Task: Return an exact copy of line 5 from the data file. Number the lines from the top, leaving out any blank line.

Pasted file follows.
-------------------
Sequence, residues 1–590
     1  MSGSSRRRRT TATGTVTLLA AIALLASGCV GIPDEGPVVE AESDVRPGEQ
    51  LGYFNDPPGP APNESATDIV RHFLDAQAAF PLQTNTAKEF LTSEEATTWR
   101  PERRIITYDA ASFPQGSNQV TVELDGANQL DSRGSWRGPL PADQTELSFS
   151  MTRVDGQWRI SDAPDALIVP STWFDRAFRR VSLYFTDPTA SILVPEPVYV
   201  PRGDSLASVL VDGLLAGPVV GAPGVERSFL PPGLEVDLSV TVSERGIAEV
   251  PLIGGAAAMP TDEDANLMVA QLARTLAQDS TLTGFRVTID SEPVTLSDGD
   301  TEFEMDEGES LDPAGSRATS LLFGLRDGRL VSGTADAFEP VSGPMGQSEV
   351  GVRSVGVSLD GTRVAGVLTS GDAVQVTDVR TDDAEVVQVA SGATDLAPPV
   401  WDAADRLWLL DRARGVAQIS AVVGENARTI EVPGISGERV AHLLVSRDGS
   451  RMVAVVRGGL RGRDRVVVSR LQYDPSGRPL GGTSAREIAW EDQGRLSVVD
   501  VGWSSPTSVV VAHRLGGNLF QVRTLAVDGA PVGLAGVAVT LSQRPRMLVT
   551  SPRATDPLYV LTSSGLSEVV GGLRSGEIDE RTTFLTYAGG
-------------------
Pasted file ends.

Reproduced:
   151  MTRVDGQWRI SDAPDALIVP STWFDRAFRR VSLYFTDPTA SILVPEPVYV